Sunday’s message is talking about one of the names of Jesus from Isaiah 9:6: Everlasting Father.  Since I will be talking about how Jesus can be Jesus and be the Everlasting Father, I wanted to share a few extra thoughts that I won’t be able to cover in the message.From the Lead Pastor’s Desk for December 30

1. Isaiah is not confusing Jesus the Messiah with the first person of the Trinity.   God the Son, the second person of the Trinity, is not the same person as God the Father. (The early church denounced this idea as the heresy of modalism.)Sunday’s message is talking about one of the names of Jesus from Isaiah 9:6: Everlasting Father.  Since I will be talking about how Jesus can be Jesus and be the Everlasting Father, I wanted to share a few extra thoughts that I won’t be able to cover in the message.

It’s unlikely Isaiah has the Trinity in mind at all when he says the Messiah will be called Everlasting Father. It’s not the Messiah’s role within the Godhead, but the Messiah’s character toward us that Isaiah has in mind. Pastor Sam Storms calls it “a descriptive analogy pointing to Christ’s character . . . he is fatherly, father-like, in his treatment of us.”

2. Isaiah is highlighting the divine nature of the Messiah.

More than any other author, Isaiah loves to speak of eternity. He speaks of God as “the One who is high and lifted up, who inhabits eternity, whose name is holy” (Isa. 57:15). And here in Isaiah 9:6 he uses the same type of language to refer to the Messiah. Rev. 1:8 says about this same Messiah Jesus… “He’s the Alpha and the Omega, the beginning and the end—the one who is and who was and who is to come—the Almighty.”

Isaiah is speaking of a child who will be born some 700 years in the future—yet he makes clear that this child is the author of eternity, the “father of time”! This truly boggles the mind. 

3. Jesus the Messiah is the only one who can reveal God’s fatherly character to us, for he is one in nature and essence with the Father.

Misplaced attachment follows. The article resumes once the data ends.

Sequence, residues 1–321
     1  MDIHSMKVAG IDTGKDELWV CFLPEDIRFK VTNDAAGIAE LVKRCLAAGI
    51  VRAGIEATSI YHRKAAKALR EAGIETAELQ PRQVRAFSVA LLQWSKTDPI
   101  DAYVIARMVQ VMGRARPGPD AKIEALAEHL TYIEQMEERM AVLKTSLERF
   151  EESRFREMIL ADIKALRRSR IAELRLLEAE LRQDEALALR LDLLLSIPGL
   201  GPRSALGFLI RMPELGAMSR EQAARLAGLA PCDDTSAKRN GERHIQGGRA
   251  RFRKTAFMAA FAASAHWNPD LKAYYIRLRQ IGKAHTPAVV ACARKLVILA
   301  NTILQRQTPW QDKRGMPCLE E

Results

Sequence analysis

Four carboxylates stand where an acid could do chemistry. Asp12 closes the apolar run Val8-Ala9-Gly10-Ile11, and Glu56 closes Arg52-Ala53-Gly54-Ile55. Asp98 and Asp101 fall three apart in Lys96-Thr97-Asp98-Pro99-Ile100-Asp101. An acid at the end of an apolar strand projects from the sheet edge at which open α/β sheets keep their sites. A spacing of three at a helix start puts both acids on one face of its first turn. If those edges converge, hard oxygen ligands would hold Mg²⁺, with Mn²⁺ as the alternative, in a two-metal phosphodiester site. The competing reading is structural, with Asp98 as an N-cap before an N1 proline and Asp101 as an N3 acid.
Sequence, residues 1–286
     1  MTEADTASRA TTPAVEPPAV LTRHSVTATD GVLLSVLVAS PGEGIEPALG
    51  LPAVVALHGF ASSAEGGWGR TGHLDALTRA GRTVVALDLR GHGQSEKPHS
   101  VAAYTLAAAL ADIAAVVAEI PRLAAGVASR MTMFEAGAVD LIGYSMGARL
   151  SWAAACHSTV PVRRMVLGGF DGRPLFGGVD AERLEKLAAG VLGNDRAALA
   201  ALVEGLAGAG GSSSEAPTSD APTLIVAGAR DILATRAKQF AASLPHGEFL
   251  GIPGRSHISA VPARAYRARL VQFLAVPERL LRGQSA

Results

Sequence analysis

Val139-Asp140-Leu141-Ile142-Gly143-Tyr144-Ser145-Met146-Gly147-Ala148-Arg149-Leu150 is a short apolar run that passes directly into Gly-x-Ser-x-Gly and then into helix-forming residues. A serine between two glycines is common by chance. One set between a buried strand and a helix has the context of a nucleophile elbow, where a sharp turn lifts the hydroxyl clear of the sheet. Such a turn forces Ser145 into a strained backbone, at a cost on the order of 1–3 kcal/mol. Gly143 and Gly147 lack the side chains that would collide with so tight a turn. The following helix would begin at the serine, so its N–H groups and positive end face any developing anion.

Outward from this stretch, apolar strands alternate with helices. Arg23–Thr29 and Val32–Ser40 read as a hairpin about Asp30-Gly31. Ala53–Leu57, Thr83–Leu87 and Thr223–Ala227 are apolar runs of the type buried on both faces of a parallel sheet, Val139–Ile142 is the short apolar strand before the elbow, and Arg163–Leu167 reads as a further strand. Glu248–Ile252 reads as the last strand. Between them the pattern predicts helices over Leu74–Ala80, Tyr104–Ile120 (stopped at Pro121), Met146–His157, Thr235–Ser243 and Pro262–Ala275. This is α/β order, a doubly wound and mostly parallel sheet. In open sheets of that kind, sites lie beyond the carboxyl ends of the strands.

Isaiah couldn’t have fully seen the light of glory that shone from Jesus when he dwelt among us. But from Jesus’s own lips, words such as these were spoken: “I and the Father are one . . . know and understand that the Father is in me and I am in the Father. (John 10:3038)

Have I been with you so long, and you still do not know me, Philip? Whoever has seen me has seen the Father. How can you say, “Show us the Father”? Do you not believe that I am in the Father and the Father is in me? (John 14:9–10a)

If you want to know what God is like, look at Jesus. Jesus is the perfect image of God, and the exact representation of his being. Jesus alone makes the Father known. Indeed, no one can come to the Father except through him (John 14:6).

Herman Bavinck observed that Jesus “takes away our guilt and again opens the way to [God’s] fatherly heart.” Everything you’ve ever dreamed a father could be—everything you’ve ever wanted from your relationship with your earthly father—Jesus is and will be for you.

“There is no un-fathering Christ, and there is no un-childing us,” Charles Spurgeon once said. “He is everlastingly a father to those who trust in him.”

Praise God for our eternal security in Christ, our Everlasting Father.